How to Make the Most of Your Twenties: A Guide

This article is an excerpt from the Shortform book guide to "The Defining Decade" by Meg Jay. Shortform has the world's best summaries and analyses of books you should be reading.

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Do you want to know how to make the most of your twenties What are the steps you can take to make sure you have a good future?

Your 20s can be challenging for many reasons, and you may be wondering how to make the most of your twenties so that you build toward success. Author of The Defining Decade Meg Jay offers some ideas.

Keep reading to find out how to make the most of your twenties.

How to Make the Most of Your Twenties

Here are a few steps according to Meg Jay that can help you learn how to make the most of your twenties.

Finding Work

Work is an important part of learning how to make the most of your twenties. To end up in a career you’re happy with down the road, you need to make difficult choices now—and the sooner you start, the better. Without purposeful planning, it’s easy to live day-by-day and put off the difficult tasks of making meaningful career choices. The following guidelines explore ways you can begin to craft a fulfilling work life.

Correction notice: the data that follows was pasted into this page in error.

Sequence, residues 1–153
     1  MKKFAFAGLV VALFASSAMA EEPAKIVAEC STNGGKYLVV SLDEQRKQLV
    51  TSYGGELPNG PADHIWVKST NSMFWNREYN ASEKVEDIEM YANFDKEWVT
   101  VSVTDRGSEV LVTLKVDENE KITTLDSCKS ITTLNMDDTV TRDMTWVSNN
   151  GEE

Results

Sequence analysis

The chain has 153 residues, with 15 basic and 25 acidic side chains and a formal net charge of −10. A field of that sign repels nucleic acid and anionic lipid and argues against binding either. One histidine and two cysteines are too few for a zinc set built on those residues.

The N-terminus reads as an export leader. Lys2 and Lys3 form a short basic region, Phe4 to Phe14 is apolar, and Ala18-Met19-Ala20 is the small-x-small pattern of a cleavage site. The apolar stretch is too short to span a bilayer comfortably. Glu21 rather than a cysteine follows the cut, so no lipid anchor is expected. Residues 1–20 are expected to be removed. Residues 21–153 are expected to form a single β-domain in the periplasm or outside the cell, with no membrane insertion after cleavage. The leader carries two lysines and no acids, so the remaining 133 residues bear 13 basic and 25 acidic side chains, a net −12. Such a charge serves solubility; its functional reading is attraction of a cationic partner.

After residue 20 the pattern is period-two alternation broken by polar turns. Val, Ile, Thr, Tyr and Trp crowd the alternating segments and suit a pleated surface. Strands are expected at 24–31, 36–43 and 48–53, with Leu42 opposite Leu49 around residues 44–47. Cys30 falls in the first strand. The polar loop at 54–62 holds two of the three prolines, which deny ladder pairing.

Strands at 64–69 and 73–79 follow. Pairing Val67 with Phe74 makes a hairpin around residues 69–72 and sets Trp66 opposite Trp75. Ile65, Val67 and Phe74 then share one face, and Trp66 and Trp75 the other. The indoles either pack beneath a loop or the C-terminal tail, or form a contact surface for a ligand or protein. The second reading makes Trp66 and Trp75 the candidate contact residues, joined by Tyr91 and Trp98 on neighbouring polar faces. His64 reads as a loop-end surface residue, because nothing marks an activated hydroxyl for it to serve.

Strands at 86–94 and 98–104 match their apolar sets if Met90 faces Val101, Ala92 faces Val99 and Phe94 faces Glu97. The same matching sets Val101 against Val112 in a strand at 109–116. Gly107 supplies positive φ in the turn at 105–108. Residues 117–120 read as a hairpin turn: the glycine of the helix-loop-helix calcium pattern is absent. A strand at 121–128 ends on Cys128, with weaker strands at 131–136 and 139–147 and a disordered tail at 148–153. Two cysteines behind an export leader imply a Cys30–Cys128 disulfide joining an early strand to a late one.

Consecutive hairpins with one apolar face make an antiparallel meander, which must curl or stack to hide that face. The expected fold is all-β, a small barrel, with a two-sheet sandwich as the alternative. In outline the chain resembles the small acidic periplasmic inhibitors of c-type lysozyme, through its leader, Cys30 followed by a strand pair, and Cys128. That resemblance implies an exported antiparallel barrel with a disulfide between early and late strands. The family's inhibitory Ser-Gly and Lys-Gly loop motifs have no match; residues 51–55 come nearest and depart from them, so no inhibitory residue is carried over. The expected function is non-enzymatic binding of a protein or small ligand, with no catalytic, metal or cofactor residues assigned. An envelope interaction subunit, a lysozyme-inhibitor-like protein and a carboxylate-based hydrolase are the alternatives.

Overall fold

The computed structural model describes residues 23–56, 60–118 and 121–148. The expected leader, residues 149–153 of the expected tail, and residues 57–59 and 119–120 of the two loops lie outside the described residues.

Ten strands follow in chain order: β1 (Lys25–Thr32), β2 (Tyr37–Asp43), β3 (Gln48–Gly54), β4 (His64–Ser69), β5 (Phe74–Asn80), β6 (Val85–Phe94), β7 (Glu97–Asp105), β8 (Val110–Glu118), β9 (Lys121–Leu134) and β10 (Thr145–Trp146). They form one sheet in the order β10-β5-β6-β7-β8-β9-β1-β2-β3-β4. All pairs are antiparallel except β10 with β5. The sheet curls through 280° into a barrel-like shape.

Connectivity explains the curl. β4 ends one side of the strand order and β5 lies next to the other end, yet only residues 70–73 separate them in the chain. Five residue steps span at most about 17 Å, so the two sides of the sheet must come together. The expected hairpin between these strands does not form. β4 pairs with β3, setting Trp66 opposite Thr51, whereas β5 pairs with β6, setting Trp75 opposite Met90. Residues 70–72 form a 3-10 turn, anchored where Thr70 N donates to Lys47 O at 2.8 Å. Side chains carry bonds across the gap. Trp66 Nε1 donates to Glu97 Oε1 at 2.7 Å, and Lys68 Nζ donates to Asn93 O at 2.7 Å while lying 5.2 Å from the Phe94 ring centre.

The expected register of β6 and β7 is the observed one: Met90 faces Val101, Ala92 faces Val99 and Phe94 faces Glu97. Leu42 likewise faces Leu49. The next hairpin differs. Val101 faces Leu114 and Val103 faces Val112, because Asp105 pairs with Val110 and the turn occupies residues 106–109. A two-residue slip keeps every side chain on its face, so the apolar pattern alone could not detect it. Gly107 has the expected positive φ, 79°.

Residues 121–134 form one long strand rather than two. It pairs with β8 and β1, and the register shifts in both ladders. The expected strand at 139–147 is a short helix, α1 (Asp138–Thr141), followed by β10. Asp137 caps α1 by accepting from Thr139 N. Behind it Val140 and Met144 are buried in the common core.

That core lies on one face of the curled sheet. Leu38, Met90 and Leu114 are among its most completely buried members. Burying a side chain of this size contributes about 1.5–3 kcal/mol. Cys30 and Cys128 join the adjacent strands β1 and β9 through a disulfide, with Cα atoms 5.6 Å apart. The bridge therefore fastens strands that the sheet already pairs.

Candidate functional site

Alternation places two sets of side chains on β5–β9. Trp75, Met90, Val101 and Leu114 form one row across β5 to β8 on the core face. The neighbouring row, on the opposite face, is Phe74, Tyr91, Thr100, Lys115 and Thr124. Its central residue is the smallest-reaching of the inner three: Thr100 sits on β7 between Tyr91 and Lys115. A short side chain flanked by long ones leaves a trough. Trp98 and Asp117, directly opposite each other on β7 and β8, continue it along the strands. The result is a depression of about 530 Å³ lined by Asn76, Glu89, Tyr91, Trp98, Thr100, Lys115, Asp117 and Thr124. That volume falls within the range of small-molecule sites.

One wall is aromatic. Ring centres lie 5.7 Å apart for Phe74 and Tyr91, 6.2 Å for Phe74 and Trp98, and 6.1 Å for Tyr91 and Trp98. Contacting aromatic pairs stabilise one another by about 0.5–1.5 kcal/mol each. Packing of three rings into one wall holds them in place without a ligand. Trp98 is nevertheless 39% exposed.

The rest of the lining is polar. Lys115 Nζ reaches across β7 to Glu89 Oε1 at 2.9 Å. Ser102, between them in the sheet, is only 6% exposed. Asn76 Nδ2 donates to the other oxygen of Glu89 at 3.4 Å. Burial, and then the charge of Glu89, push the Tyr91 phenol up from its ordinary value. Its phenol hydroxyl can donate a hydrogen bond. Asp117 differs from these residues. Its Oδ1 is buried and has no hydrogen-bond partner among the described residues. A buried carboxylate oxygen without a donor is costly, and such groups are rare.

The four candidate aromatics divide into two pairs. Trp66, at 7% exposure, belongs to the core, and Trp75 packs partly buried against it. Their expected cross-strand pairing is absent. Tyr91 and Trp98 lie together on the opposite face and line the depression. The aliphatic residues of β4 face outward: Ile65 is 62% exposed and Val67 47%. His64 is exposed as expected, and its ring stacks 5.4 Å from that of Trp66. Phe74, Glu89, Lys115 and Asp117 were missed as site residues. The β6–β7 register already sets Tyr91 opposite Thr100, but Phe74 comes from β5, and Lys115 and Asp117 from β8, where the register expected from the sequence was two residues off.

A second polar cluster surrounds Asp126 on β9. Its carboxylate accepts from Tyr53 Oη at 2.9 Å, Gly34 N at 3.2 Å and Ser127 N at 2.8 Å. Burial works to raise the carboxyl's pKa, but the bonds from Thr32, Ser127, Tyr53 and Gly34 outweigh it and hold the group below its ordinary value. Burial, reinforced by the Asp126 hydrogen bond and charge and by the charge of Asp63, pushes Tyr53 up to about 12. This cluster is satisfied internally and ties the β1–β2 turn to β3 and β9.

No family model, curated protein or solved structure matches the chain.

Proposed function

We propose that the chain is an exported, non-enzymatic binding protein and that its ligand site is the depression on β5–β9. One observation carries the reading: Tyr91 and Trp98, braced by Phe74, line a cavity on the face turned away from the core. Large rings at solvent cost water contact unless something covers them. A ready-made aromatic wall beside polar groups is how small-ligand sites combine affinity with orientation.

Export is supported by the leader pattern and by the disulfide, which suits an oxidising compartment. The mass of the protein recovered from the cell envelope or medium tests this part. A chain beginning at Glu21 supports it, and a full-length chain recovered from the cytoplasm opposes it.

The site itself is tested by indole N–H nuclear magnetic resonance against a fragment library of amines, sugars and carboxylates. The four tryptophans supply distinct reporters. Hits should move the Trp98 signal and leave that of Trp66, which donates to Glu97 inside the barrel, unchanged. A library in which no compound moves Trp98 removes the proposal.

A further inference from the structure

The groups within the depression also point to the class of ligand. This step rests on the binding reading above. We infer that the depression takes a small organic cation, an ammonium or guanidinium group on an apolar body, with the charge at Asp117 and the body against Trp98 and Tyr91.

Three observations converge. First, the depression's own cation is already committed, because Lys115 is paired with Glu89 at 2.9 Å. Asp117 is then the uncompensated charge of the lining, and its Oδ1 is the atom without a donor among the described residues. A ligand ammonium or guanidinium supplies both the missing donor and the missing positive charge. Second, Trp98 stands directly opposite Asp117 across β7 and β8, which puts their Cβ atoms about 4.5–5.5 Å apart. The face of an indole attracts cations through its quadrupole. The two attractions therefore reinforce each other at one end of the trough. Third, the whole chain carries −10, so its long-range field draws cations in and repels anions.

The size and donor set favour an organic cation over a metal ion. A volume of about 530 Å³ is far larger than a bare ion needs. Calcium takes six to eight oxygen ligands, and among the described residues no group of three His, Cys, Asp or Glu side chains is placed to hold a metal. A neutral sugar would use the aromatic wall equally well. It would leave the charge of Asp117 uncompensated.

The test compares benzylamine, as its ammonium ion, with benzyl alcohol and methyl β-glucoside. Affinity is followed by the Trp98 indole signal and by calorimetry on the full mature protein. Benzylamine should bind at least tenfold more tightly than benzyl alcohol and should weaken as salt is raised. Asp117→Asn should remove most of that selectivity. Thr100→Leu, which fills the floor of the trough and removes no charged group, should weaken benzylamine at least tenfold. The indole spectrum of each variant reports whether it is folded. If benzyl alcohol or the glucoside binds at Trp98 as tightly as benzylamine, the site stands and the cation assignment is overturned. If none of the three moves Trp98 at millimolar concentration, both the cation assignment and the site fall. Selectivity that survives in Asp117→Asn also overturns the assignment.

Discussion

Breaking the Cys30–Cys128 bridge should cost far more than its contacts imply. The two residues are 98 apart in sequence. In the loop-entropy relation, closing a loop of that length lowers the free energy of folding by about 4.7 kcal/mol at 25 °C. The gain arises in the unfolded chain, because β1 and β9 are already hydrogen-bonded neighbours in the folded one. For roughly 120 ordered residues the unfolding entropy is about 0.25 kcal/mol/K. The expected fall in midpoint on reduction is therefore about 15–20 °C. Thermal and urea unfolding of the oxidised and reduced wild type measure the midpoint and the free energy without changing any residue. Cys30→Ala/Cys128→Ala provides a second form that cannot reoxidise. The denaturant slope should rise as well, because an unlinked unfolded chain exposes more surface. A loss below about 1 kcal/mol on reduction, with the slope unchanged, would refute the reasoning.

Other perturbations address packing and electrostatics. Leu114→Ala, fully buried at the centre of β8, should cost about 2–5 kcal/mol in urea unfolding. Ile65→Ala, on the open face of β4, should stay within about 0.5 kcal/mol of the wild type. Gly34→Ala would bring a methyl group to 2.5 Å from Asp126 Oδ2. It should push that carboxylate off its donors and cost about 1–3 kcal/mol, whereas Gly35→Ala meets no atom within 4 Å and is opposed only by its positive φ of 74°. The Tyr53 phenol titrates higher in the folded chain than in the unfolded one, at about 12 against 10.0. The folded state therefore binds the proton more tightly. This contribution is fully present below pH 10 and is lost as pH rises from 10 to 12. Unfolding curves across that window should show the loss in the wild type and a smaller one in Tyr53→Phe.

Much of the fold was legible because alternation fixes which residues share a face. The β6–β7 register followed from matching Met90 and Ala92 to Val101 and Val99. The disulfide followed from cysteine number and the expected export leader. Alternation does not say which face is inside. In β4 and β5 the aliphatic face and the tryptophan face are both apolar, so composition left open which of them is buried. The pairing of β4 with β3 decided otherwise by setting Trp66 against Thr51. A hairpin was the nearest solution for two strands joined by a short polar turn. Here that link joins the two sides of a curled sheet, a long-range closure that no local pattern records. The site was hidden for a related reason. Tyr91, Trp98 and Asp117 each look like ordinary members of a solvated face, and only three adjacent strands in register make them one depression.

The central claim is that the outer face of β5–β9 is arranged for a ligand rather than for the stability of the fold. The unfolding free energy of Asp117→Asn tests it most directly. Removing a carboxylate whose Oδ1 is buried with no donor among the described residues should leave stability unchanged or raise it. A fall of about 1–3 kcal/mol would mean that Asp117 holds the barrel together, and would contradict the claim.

Have a Productive Identity Crisis

An “identity crisis” is a period of youthful exploration during which a person can collect experiences and try out different paths in life without risk or obligation. It’s an important step toward developing an identity, and it has two main elements: reflection, through which you are thoughtful and aware of your life, and action, through which you collect experiences that help you learn about yourself. This collection of experiences becomes your “identity capital.”

Your identity capital is the collection of things you’ve done long enough or well enough that they become part of who you are. It’s the intangible currency we use to obtain jobs and relationships, and it includes your schools, clubs, jobs, hobbies, degrees, and experiences. 

When having an identity crisis, many people focus more on the reflection piece than the action part, but it’s those who strike a good balance between the two who’ll end up with stronger identities and be more satisfied with their lives: better able to manage stress, more in control of their future, and find themselves following more original, unique paths. Seek out opportunities that will give you meaningful experiences you can learn from. Volunteer with a charity, work as an intern in an industry you’re interested in, or take classes in something you might like to pursue.